Narcolepsy Helped Me Find Something I Love to Do
Narcolepsy has become a huge part of my life in many ways. One of the most recent ways is the program I am in for school and my jobs. A lot has changed in my life in the last year; I am halfway through the program in school, and I also started working 2 new jobs.
Debating going back to school
When I was thinking about going to school, I saw this program that looked very interesting to me, but it wasn’t until a year or so later that I finally decided to go back to school. I went back and forth trying to decide if it was the right thing for me. I am glad I decided to go back.
I am in an electroneurodiagnostic technology program. This program is focused a lot on EEGs (electroencephalograms) but also consists of EMG (electromyography), EMU (epilepsy monitoring unit), sleep, and evoked potentials. So far we have only touched on EEGs and EMGs.
My program activities reminded me of my narcolepsy diagnosis
During the first semester and a half of the program, my classmates and I measured and put electrodes on each other’s heads. This brought me back to when I got my sleep study and MSLT done. It was both weird and exciting to be on the other side of things when I measured and hooked up my classmates.
This whole semester and the rest of my program we are working with patients, which has been even more exciting. I think this program and field really fits me because of my narcolepsy and experiences with having electrodes on my own head.
My goal is to help others get diagnosed faster
I find myself talking to many patients about my narcolepsy because several have asked me how I got into this field. I seem to answer the same thing every single time someone asks me; I say that I have narcolepsy and my end goal is to get into research to help others possibly get diagnosed with narcolepsy or other common misdiagnosed conditions faster than I did. It took me 20 years to get diagnosed.
Not everyone I work with is understanding
I not only am in school full-time, but I also have 2 PRN (as needed) jobs that I started this year. In one of my jobs, I am a unit partner, and I help nurses and nursing assistants with patients and stock supplies on the unit.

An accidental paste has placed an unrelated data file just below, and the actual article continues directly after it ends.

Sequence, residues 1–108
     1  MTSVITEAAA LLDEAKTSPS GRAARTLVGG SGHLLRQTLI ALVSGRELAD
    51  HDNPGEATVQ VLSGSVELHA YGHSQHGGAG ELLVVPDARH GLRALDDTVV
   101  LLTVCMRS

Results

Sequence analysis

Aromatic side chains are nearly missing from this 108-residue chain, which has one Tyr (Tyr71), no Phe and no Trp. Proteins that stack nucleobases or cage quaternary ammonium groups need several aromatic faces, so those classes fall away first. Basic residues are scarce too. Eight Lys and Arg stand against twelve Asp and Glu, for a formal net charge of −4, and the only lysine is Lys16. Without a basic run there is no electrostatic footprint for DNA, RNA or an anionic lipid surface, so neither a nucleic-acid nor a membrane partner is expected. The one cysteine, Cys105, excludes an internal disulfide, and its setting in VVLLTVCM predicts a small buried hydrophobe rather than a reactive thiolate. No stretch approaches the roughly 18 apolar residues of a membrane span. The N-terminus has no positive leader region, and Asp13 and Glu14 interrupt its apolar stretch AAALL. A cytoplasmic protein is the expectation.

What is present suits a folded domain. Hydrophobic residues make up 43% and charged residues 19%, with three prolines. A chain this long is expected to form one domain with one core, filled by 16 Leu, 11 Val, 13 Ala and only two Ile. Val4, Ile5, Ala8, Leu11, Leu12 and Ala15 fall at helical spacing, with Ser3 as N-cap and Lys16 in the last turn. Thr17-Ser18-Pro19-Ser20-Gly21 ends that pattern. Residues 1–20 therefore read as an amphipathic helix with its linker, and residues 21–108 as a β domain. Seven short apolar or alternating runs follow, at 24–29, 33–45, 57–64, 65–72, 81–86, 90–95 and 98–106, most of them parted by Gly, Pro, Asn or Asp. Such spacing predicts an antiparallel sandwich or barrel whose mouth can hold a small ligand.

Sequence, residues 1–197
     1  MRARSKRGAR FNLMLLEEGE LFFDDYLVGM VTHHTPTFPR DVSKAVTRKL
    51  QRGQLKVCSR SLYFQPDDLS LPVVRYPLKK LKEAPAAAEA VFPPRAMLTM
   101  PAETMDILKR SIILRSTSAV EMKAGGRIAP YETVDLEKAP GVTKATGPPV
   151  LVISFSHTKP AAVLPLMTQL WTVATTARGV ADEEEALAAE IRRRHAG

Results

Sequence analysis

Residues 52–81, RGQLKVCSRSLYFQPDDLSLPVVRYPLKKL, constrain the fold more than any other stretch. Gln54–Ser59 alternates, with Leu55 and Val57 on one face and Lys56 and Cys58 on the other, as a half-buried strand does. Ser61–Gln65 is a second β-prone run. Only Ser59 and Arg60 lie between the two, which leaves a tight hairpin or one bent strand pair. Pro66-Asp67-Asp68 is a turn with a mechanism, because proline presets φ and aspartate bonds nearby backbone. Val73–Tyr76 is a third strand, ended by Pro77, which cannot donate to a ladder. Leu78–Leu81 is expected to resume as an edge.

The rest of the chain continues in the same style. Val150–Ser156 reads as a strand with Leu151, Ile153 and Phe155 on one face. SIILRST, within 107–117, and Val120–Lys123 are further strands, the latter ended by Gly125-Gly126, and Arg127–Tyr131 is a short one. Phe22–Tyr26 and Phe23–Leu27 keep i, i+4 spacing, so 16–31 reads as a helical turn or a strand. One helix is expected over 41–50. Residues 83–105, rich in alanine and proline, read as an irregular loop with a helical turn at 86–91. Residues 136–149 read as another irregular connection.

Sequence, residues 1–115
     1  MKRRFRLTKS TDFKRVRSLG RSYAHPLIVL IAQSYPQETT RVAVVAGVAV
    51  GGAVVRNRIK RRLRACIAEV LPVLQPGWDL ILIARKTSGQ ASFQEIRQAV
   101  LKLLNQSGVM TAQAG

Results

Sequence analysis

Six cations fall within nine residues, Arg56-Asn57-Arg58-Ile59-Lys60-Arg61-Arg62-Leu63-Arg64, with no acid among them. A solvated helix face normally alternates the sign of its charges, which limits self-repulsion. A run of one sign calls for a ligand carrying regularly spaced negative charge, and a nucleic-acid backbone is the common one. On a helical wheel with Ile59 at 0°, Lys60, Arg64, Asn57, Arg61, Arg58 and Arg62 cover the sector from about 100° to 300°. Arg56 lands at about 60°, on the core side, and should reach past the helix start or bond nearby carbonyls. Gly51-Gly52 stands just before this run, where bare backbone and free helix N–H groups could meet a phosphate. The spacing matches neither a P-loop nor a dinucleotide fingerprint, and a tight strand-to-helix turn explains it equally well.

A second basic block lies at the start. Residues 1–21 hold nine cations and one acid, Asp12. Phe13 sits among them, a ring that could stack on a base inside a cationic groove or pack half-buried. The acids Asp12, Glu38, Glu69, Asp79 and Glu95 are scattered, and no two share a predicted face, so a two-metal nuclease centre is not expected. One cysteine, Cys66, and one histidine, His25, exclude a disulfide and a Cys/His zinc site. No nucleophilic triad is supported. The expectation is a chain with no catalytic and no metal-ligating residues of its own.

I enjoy this job for the most part. As a unit partner, sometimes we have to sit with patients who need a sitter. Almost every shift I work the charge nurse wants me to sit, but due to narcolepsy, I can’t just sit there for a long period of time. I have talked to the nurse managers about not being able to sit, and they are completely fine with it.
Some of the nurses on the other hand, are not. A lot of the nurses are understanding and nice, but there are a few who get mad because I can’t sit. With narcolepsy, sitting for more than 20 minutes at a time doing nothing, and often in dark rooms, is not something I can do without falling asleep. Sitting with patients is the only thing in this job that I can’t do. It wouldn’t be safe for the patient that needs the sitter if I were to just sit there and fall asleep.
Interactions with doctors and residents about narcolepsy
The other job I have is as a clinical technician in the epilepsy monitoring unit. In this job, I watch the EEGs on computers and monitor them. Doing this helps me with my classes, too, because we do EEGs all the time.
A really interesting part of my job is that several neurologists and residents sit near me in the unit. Just recently I heard one of the doctors and residents talking about cataplexy, and of course that caught my attention. I made a comment that I have narcolepsy and we talked about the differences between cataplexy and seizures.
I also asked the doctor if she knows much about narcolepsy, and she said she knows the basics but not a ton. This shows that many doctors are still not very knowledgeable about narcolepsy.
Sometimes it can be hard to stay awake when I am at work because we just sit by the computers and watch the screens. I have noticed that it is easier to stay awake when I have another person working with me and/or I do something else on my computer but make sure I still watch the monitors.
Having narcolepsy helps me connect more deeply with patients
Both school and these jobs have made me realize that this is what I want to do and something I am passionate about. I actually enjoy going to class and work because it is something I love to do.
I am always eager when I get a patient during class because I find it interesting. I get to measure and glue electrodes on patients, watch their EEG, and then take the electrodes off. Even though I never want someone to have a seizure, it is a big learning experience when someone does.
I am glad I found something that I love to do and that I am passionate about. I feel like this career will always have me learning or seeing something new. I think that having narcolepsy makes it so I connect with patients more than people without narcolepsy, which also makes me more empathetic toward people.
Have you ever fallen asleep in any of the following places: